Disclaimer – I know my reaction to the following scene was an overreaction, and that is an understatement. Although I am a part-time sunshine who tries to keep a positive outlook, I am also a full-time nut job who can fall into a vat of emotional turmoil in a single breath. Come hold my hand and breathe with me…
The loudspeaker blared throughout my school interrupting first period. “Mrs. Lucas, please come to the office. Paging Mrs. Lucas.” In case you didn’t know, I am Mrs. Lucas, high school English teacher.
I pushed my classroom call button connecting me to the office and said, “I’m in the middle of class. Do you need me right now?”
The secretary replied, “Yes. Your daughter’s school is on the phone for you. Mr. Jones can cover your class.”
Whoa! The secretary already called for classroom coverage. This didn’t sound good. And why did she page the whole building instead of just my classroom? I felt like a kid getting sent to the principal’s office. It is alarming to get jolted out of class for a surprise phone call, especially one about your own child. Since students can’t be left unattended, teachers realize whoever wants to speak to us has an immediate, important concern.
Mr. Jones quickly arrived, and I raced down the steps as fast as I could in my new navy high heels. Clip-clop, clip-clop. Who called, I wondered? The high school or middle school? Which daughter was this about: Cara or Elena? Was she sick or hurt? Was she in trouble? Oh my my! Did she cause trouble? My concern from the loudspeaker, turned to anxiety as I hurried to the unknown caller.
I sped down the deserted halls to the office which seemed further away today, like it relocated to the moon. Finally, I pushed through the teachers-only door where a substitute-secretary warmly greeted me. It was as if she had been waiting for me the whole four minutes since she paged me, eons ago. “Mrs. Lucas, I’m sorry I used the school intercom, but I was confused on how to page your room for you. Here, you can sit at the desk to talk.” As a fill-in, maybe she was afraid to lose my call. Or maybe she was just polite and letting me use her chair while she stretched her legs. Or maybe this was a huge emergency.
I accepted the seat and pushed the red blinking answer button. My caller spoke with a friendly, high-pitched voice and chirped, “Mrs. Lucas?”
“Yes, this is she?” What were the chances the secretary got confused again and my caller was actually an extra-appreciative parent who wanted to tell me, voice-to-voice, how thrilled she was with the lessons I taught her teen?
“This is the school nurse at Cara’s high school.”
Dang it! It wasn’t a thankful parent. “Hi. What’s wrong?” I asked.
“Cara had an accident in gym class and hurt her finger. She was doing box jumps and somehow slammed her hand into the box.”
“Oh, nuts and bolts! Will she be able to throw the javelin and discus tomorrow for her first track meet?”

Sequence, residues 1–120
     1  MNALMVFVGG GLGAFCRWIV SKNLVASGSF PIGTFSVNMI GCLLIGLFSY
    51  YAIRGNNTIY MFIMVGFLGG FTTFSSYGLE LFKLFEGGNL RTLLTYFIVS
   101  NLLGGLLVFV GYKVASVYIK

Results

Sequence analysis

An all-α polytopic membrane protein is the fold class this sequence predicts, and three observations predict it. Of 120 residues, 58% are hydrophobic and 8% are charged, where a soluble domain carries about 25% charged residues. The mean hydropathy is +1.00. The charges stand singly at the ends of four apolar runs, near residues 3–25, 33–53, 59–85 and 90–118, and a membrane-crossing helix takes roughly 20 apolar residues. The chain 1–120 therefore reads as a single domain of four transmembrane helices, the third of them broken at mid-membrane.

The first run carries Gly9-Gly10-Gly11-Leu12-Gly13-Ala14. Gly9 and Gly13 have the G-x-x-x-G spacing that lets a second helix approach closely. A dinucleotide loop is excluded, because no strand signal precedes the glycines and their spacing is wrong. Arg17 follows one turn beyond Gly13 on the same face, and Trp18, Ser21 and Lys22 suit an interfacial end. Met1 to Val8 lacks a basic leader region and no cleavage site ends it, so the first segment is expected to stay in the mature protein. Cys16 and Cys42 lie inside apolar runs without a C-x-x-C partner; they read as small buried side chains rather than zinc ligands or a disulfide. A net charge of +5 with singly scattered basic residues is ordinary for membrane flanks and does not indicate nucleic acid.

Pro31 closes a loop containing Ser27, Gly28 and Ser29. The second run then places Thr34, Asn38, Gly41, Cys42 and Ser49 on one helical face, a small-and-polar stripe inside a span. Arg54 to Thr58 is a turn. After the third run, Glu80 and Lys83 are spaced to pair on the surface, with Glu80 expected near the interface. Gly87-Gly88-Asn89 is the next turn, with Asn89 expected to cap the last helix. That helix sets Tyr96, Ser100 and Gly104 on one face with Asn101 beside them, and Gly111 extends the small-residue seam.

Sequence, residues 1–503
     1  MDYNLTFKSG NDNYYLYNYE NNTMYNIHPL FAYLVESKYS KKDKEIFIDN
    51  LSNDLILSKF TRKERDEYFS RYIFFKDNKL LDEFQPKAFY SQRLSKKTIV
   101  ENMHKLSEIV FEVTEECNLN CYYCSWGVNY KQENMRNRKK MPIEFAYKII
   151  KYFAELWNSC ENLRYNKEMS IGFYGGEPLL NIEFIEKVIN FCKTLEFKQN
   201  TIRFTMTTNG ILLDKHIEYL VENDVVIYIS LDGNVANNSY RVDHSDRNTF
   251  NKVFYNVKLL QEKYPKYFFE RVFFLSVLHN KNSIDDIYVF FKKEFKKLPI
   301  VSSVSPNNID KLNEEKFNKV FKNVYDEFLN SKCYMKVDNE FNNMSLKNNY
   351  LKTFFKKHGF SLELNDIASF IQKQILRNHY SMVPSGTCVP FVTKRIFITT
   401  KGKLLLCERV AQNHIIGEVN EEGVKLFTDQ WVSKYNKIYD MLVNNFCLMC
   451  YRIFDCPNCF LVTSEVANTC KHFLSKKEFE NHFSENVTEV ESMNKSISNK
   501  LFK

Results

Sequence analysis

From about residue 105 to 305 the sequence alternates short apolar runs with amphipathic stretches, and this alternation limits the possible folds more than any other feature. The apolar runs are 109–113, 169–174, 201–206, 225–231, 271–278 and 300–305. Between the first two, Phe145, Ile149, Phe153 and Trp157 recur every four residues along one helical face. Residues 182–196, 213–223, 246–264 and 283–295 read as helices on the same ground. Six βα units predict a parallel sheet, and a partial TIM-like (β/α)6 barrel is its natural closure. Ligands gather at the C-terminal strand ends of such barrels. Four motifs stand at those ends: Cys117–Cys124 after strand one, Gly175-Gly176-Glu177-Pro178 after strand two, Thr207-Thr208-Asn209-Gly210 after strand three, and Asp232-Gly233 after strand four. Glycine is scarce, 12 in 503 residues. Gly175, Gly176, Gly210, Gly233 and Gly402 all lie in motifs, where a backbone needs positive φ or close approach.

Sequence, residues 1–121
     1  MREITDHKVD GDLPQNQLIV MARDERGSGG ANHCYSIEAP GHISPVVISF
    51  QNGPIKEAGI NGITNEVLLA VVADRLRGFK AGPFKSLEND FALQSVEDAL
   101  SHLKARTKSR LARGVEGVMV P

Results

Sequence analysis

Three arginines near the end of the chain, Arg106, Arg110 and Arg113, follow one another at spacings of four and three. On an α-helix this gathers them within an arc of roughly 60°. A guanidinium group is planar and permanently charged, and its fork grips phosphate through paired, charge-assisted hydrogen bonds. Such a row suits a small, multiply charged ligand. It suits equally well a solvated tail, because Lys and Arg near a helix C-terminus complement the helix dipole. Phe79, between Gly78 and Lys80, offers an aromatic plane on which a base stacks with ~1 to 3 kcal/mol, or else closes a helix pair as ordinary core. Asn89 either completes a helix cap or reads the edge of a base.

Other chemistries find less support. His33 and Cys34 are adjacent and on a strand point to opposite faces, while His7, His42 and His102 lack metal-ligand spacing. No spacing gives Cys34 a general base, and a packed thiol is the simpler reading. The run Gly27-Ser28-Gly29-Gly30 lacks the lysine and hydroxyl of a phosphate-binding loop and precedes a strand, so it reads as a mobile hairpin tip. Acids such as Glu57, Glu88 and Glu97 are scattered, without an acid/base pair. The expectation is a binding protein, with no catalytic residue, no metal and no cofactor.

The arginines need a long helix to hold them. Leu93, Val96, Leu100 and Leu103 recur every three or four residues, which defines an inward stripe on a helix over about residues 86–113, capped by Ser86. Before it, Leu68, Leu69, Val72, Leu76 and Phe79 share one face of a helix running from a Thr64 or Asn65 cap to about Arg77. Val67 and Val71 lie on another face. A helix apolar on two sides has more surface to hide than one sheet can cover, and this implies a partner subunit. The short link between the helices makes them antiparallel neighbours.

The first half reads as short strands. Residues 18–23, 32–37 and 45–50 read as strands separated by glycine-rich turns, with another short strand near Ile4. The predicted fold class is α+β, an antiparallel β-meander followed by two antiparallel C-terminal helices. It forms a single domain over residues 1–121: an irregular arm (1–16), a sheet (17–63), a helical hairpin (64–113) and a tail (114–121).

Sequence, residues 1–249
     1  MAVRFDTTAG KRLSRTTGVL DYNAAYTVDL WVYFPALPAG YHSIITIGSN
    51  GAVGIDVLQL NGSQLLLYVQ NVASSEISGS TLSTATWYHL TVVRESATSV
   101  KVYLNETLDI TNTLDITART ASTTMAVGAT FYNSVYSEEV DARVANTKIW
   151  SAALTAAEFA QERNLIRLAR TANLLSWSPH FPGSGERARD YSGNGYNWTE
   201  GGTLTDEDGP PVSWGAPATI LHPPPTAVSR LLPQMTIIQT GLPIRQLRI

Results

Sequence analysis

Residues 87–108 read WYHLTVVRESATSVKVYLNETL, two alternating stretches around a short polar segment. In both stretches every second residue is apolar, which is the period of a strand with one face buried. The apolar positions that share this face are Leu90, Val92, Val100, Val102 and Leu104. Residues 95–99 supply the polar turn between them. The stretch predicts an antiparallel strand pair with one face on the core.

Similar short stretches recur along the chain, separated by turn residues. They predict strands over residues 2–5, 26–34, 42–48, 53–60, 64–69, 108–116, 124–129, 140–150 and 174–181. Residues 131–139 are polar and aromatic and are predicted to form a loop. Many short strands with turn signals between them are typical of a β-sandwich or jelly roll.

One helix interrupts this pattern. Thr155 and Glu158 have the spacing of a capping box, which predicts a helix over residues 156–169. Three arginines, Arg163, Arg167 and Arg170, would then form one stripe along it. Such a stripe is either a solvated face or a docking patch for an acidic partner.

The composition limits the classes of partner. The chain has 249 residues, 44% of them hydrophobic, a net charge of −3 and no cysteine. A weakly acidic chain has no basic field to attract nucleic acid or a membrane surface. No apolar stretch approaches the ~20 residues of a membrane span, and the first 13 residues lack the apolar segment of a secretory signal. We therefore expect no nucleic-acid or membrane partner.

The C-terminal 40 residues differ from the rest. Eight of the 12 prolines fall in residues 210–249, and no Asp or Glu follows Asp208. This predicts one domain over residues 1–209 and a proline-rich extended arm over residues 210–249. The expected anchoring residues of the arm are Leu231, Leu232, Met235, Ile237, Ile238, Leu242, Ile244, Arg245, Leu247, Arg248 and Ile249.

“I don’t think so. Her finger is a little crooked.”
“Crooked?” I asked looking at my own shaky, sweaty, but not crooked, fingers. “Can I talk to her?”
“Yes, she is sitting right here with an ice pack.”
Cara chuckled, “Hey, Mom!”
“Cara, why are you laughing? Are you delirious?”
Still giggling. “I don’t know what that means, but it was so funny. Bella and I were doing box jumps, and then I accidentally hit my hand off the box and now it looks like a hook finger. It was so random. We were cracking up!”
“Are you messing with me? Are you seriously hurt?” Cara is a prankster who celebrates every April Fools’ Day and obnoxiously loves joking around about things mothers don’t find funny.
Cara, quick to profess her discomfort, said “Uh, my fingers look like the letter ‘W’ and the bent one is throbbing.”
“Oh, I bet it hurts. What’s your pain on a scale of one to ten?”
“I’m going with W!”
“Why are you being so silly, Cara?”
“Lighten up, Mom. I’m the one with a bent finger. When you come get me can we stop for some chicken nugs? The nurse wants to talk to you again. Bye!”
The nurse got back on the phone and convinced me that the finger was a serious injury and probably broken. “I recommend you take her to the emergency room and get it checked out. She can’t straighten it.”
“Oh boy! I’ll be there as soon as I can,” I uttered. The anxiety that started with the intercom got worse, and that crooked finger was enough to push my panic button. My heart beat out of my chest and my stomach swarmed with butterflies. We aren’t a bone breaking family. We have our share of accidents but nothing that cracks our skeletons. From my chest up, my flesh burned with nervous electricity, and my ears rang with piercing dog whistles that muffled the school bell. My nerves zoomed from zero to ten to ‘W.’
“Okay. See you when you get here. Drive carefully,” the nurse advised.
“Umm. Who am I coming to get again? Cara or Elena?” Add short-term memory loss to my list of worrywart ailments.
To be continued with “Reconnecting with my Teenage Daughter in the Emergency Room.”